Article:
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If the Supreme Court follows through on overturning Roe v. Wade, abortion will likely be banned or greatly restricted in about half of U.S. states. But experts and advocates fear repercussions could reach even further, affecting care for women who miscarry, couples seeking fertility treatments and access to some forms of contraception. Many supporters of abortion bans insist they are only interested in curtailing abortion, and legislation passed so far often has exceptions for other reproductive care. But rumblings in the GOP have doctors concerned, and laws banning abortion could also have unintended side effects.

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FILE - Casie Farnsworth wears a birth control costume as she speaks to a crowd of protesters outside Rep. Jackie Walorski's office on Nov. 9, 2017, in Mishawaka, Ind. In 2022, a leaked draft opinion indicating U.S. Supreme Court justices are poised to overturn the decision that legalized abortion nationwide in the U.S. is raising fears that restrictions on contraception could follow. (Robert Franklin/South Bend Tribune via AP, File)

AP

FILE - Margot Riphagen of New Orleans, wears a birth control pill costume as she protests in front of the Supreme Court in Washington on March 25, 2014. In 2022, a leaked draft opinion indicating U.S. Supreme Court justices are poised to overturn the decision that legalized abortion nationwide in the U.S. is raising fears that restrictions on contraception could follow. (AP Photo/Charles Dharapak, File)

AP

A federal judge has blocked part of an Alabama law that makes it a felony to give gender-affirming puberty blockers and hormones to transgender minors. U.S. District Judge Liles Burke issued a preliminary injunction on Friday to stop the state from enforcing the medication ban while a court challenge goes forward. The law took effect on May 8. Parents with transgender children and the U.S. Department of Justice have challenged the legislation as unconstitutional. The judge left in place other parts of the law that banned gender-affirming surgeries and requires school officials to tell parents if a minor discloses that they are transgender. The legislation is the first in the country to levy criminal penalties against doctors who provide the medications.

AP

FILE - In a photo provided by Jeff Walker, 15-year-old Harleigh Walker of Auburn, Ala., is seen during a family vacation. Harleigh Walker spent the spring break trying to persuade members of the state House and Senate to reject legislation banning gender-affirming medications for transgender kids like her under 19. A federal judge on Friday, May 13, 2022, has blocked part of an Alabama law that makes it a felony to give gender-affirming puberty blockers and hormones to transgender minors. (Jeff Walker via AP)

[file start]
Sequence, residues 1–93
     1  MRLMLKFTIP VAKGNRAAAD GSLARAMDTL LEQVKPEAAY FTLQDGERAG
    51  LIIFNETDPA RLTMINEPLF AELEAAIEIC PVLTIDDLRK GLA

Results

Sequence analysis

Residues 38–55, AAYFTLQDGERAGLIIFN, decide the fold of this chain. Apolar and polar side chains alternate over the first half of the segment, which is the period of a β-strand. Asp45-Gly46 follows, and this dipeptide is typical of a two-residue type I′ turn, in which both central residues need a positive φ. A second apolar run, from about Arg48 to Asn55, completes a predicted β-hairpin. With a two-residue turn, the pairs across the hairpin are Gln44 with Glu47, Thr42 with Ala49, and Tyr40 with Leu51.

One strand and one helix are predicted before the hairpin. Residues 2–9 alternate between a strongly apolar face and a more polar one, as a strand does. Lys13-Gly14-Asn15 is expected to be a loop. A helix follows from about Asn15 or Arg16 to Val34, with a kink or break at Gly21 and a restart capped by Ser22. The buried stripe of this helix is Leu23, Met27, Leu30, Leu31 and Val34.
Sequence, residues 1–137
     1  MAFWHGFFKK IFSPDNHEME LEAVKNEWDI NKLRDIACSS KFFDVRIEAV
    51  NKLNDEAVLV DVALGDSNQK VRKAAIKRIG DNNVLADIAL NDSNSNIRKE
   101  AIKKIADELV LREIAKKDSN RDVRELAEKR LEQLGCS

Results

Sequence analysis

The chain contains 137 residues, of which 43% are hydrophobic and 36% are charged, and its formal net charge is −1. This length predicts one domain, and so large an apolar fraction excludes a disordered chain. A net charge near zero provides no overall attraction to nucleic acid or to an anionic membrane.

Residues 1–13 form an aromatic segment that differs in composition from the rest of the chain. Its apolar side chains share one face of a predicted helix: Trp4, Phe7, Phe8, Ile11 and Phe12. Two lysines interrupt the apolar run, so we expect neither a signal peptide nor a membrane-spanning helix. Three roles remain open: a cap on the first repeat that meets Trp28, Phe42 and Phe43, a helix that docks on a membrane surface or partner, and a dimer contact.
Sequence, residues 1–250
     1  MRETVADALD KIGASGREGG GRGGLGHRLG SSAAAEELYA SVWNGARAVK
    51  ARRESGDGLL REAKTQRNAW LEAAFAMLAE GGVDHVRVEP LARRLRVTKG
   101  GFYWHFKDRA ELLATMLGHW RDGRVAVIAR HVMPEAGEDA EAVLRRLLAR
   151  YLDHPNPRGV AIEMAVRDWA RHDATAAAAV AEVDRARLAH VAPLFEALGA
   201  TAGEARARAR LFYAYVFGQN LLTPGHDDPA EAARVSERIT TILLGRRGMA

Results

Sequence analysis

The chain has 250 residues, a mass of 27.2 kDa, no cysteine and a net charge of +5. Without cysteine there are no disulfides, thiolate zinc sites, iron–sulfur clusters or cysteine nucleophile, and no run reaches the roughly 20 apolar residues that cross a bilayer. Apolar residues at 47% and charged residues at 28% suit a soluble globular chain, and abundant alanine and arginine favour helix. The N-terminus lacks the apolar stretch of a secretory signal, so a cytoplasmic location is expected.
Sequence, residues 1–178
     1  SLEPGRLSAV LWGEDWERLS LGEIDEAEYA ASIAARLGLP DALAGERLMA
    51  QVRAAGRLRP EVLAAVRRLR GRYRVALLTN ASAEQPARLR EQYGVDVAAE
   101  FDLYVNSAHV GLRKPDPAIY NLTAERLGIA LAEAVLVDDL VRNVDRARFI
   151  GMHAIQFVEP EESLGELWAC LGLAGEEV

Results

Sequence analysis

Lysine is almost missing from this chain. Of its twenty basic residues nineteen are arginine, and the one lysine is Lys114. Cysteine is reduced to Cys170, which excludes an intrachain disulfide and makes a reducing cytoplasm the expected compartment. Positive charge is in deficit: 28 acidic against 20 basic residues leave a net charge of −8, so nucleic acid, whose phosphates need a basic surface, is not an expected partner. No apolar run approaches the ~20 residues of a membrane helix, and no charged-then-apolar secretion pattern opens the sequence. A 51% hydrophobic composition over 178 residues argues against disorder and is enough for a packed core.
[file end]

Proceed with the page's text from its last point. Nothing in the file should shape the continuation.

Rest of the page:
AP

FILE - In a photo provided by Jeff Walker, he and his daughter Harleigh of Auburn, Ala., stand outside the White House on March 31, 2022, in Washington, where they were guests for Transgender Day of Visibility. Ninth grader Harleigh Walker, 15, spent her spring break trying unsuccessfully to persuade members of the state House and Senate to reject legislation banning gender-affirming medications for transgender kids like her under 19. A federal judge on Friday, May 13, 2022, has blocked part of an Alabama law that makes it a felony to give gender-affirming puberty blockers and hormones to transgender minors. (Courtesy of Jeff Walker via AP)

AP

FILE - Dr. Morissa Ladinsky, a University of Alabama at Birmingham professor who treats patients with gender issues, speaks during an interview in Birmingham, Ala., on Wednesday, April 13, 2022. A federal judge on Friday, May 13, blocked part of an Alabama law that made it a felony to prescribe gender-affirming puberty blockers and hormones to transgender minors. U.S. District Judge Liles Burke issued a preliminary injunction to stop the state from enforcing the medication ban, which took effect May 8, while a lawsuit goes forward. (AP Photo/Jay Reeves, FILE)

AP

FILE - Alabama Gov. Kay Ivey holds a sit down interview with reporters in the Governor's office at the Alabama State Capitol Building in Montgomery, Ala., on Wednesday, Feb. 3, 2021. A federal judge on Friday, May 13, 2022 blocked part of an Alabama law that made it a felony to prescribe gender-affirming puberty blockers and hormones to transgender minors. U.S. District Judge Liles Burke issued a preliminary injunction to stop the state from enforcing the medication ban, which took effect May 8, while a lawsuit goes forward.(Jake Crandall/The Montgomery Advertiser via AP, File)

AP

FILE - Alabama Attorney General Steve Marshall speaks during a news conference June 3, 2021, in Montgomery, Ala. A federal judge on Friday, May 13, blocked part of an Alabama law that makes it a felony to prescribe gender-affirming puberty blockers and hormones to transgender minors. The state attorney general’s office insists the law is constitutional and says it’s aimed at protecting children. “The science and common sense are on Alabama’s side. We will win this fight to protect our children,” Marshall said recently.(Mickey Welsh/The Montgomery Advertiser via AP, File)

AP

The Senate has fallen far short in a vote toward enshrining Roe v. Wade abortion access into federal law. Wednesday's 51-49 negative vote almost along party lines provided a stark display of the nation’s partisan divide over the landmark court decision and the limits of legislative action. The afternoon roll call promised to be the first of several efforts in Congress to preserve the nearly 50-year-old court ruling. President Joe Biden called on Congress to pass legislation that would guarantee the constitutional right to abortion services after the disclosure of a draft Supreme Court opinion that would overturn Roe v. Wade. But Democrats in the split Senate lacked the votes to overcome a Republican-led filibuster.